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MUSCULAR SYSTEM
Functions: Movement; Generate internal heat/homeostasis
3 TYPES OF MUSCLE TISSUE
SKELETAL (STRIATED MUSCLE)
Body muscles attach to bone/produce movement
Voluntary-Controlled by Somatic Nervous System (SNS)
Striated (bands) due to SARCOMERES (contractile units)
Muscle fibers made of bundles of strands called MYOFIBRILS
MULTINUCLEATED (many nuclei just under cell membrane)
Fast powerful contraction; can’t be sustained as long as other types
SMOOTH
Involuntary- controlled by Autonomic Nervous System (ANS)
Found in walls of digestive tract, urinary bladder, arteries, other internal organs
Cells elongated, NOT STRIATED; form sheets instead of bundles
Single nucleus
Contract slowly, but sustained (remain contracted longer than skeletal)
CARDIAC- Found in heart
Cells have single nucleus
Involuntary - controlled by Autonomic Nervous System (ANS)
Branched/striated
Fibers connect via INTERCALATED DISCS = relay signals from cell to cell (sync heartbeat)
Fast contraction (like skeletal) but can sustain contraction longer (like smooth)
MUSCLE CELL STRUCTURE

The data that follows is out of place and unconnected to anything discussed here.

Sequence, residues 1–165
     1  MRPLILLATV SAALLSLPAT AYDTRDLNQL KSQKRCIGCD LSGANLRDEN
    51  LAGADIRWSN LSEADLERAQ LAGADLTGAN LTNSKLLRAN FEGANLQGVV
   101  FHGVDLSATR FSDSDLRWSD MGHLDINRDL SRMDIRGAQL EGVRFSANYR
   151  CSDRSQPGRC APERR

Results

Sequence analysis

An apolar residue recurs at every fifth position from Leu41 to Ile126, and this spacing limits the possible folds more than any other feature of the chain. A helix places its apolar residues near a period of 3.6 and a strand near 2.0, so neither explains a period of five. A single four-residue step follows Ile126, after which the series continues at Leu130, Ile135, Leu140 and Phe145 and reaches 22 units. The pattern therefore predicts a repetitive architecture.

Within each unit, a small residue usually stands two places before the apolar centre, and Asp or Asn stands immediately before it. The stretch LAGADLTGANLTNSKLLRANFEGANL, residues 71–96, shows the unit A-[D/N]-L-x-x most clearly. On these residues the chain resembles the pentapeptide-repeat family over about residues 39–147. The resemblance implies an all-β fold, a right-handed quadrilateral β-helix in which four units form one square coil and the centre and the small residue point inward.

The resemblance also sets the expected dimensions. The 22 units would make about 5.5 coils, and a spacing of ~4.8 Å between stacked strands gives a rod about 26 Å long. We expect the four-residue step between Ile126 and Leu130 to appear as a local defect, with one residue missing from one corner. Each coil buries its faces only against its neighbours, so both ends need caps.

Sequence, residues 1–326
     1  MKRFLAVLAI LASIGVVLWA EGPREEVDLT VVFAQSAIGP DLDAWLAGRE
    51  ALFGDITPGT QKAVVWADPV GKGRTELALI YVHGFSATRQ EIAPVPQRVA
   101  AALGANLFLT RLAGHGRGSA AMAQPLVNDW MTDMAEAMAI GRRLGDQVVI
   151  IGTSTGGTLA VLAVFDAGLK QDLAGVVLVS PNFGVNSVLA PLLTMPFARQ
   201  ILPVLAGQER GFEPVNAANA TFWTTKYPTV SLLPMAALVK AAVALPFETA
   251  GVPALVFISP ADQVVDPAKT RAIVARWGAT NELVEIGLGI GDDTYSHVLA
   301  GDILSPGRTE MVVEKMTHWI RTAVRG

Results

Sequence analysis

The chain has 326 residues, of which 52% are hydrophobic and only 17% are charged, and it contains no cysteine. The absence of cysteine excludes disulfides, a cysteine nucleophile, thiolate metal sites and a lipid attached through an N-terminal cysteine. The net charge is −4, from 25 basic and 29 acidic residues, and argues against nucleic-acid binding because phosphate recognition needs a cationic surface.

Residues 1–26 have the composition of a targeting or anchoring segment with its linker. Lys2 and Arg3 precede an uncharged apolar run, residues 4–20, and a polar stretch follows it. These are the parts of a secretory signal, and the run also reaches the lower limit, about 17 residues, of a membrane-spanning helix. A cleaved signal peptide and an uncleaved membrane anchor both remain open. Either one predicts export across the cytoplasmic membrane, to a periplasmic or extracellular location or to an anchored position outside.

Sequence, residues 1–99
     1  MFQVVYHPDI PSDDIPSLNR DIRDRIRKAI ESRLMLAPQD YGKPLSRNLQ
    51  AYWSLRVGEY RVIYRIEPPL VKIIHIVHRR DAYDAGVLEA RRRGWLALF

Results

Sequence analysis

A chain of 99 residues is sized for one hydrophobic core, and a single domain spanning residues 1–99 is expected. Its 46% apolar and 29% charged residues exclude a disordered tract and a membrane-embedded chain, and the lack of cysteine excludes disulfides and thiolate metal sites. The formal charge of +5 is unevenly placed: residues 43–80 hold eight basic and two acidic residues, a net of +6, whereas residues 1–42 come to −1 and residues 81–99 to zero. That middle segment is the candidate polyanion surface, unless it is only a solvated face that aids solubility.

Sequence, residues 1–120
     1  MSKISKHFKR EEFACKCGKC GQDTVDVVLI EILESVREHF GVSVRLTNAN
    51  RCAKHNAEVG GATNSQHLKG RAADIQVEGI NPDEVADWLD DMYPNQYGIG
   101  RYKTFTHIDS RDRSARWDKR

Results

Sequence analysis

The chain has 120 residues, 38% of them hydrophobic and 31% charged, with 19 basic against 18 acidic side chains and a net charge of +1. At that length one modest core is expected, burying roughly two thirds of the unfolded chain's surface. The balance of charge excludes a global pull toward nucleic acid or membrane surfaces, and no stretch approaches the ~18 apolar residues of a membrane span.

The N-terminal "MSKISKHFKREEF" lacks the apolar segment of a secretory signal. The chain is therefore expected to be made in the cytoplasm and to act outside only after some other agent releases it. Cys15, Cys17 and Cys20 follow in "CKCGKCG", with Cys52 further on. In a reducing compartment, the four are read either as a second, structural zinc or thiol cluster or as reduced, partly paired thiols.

Many mitochondria for energy
Muscle cells store GLYCOGEN & CREATINE to regenerate ATP
Extensive SMOOTH ER (SARCOPLASMIC RETICULUM) stores Ca++
Nucleus (nuclei) pushed to edges underneath cell membrane makes space for MYOFIBRILS
Multiple nuclei in SKELETAL muscle due to fusion of many cells (called MYOBLASTS)
ATTACHMENT:
TENDONS attach muscle to bone
LIGAMENTS join bones together at joints
BUILDING MUSCLE
Adult mammals have fixed number of muscle cells
Build muscle by enlarging existing cells; NOT by adding more cells
LACTIC ACID
If oxygen is not available, muscle cells use fermentation (glucose → lactic acid)
Original idea: Lactic acid = BAD; lactic acid build up causes “burn”/fatigue
New idea: Lactic acid = fuel; muscles make it deliberately and burn it for energy
Muscles in trained athletes have adapted to burn lactic acid more readily/absorb it more efficiently
Muscles can also burn fatty acids from blood for energy
SARCOMERE = functional UNIT
between Z lines
Thick filaments made of MYOSIN;
thin filaments made of ACTIN
MUSCULAR CONTRACTION
Electrical gradient set up across the muscle cell
membrane by Na+-K+ pump
The outside is more positive than the inside
Stimulus causes an instantaneous reversal of this
polarity, causing the muscle to contract
Interactions of proteins (ACTIN, MYOSIN,
TROPONIN, and TROPOMYOSIN) cause contraction
A motor unit = collection of several hundred muscle fibers controlled by one axon
ACTION POTENTIAL:
- generated from Acetylcholine released at NEUROMUSCULAR JUNCTION;
- spreads along surface of fiber, through network of T-tubules; conducted into interior
- Ca++ floods from ENDOPLASMIC RETICULUM (SARCOPLASMIC RETICULUM) into interior of fiber
Calcium ions
- are required
- released into the sarcomere when a muscle is
stimulated to contract
- pumped back into SARCOPLASMIC RETICULUM
when contraction over
- if Ca++ remains available contraction continues
ATP
- provides energy for myosin/actin interactions and
pumping of Ca++ by sarcoplasmic reticulum